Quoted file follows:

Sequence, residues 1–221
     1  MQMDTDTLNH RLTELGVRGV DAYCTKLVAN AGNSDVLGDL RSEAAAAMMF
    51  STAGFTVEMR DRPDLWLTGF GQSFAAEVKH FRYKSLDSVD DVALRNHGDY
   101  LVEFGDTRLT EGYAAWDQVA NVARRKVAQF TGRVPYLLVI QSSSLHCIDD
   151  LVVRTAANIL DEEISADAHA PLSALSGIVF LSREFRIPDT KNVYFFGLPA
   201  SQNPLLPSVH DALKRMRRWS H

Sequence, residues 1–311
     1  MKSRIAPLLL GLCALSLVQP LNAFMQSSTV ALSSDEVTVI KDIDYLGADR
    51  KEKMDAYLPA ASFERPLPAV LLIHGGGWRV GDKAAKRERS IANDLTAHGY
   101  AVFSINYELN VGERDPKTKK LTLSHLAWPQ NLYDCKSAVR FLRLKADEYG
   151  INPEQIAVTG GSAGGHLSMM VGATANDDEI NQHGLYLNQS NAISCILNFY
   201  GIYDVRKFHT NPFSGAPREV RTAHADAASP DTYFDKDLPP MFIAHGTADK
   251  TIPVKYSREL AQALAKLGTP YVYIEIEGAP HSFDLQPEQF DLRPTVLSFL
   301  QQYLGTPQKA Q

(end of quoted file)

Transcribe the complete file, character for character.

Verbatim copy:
Sequence, residues 1–221
     1  MQMDTDTLNH RLTELGVRGV DAYCTKLVAN AGNSDVLGDL RSEAAAAMMF
    51  STAGFTVEMR DRPDLWLTGF GQSFAAEVKH FRYKSLDSVD DVALRNHGDY
   101  LVEFGDTRLT EGYAAWDQVA NVARRKVAQF TGRVPYLLVI QSSSLHCIDD
   151  LVVRTAANIL DEEISADAHA PLSALSGIVF LSREFRIPDT KNVYFFGLPA
   201  SQNPLLPSVH DALKRMRRWS H

Sequence, residues 1–311
     1  MKSRIAPLLL GLCALSLVQP LNAFMQSSTV ALSSDEVTVI KDIDYLGADR
    51  KEKMDAYLPA ASFERPLPAV LLIHGGGWRV GDKAAKRERS IANDLTAHGY
   101  AVFSINYELN VGERDPKTKK LTLSHLAWPQ NLYDCKSAVR FLRLKADEYG
   151  INPEQIAVTG GSAGGHLSMM VGATANDDEI NQHGLYLNQS NAISCILNFY
   201  GIYDVRKFHT NPFSGAPREV RTAHADAASP DTYFDKDLPP MFIAHGTADK
   251  TIPVKYSREL AQALAKLGTP YVYIEIEGAP HSFDLQPEQF DLRPTVLSFL
   301  QQYLGTPQKA Q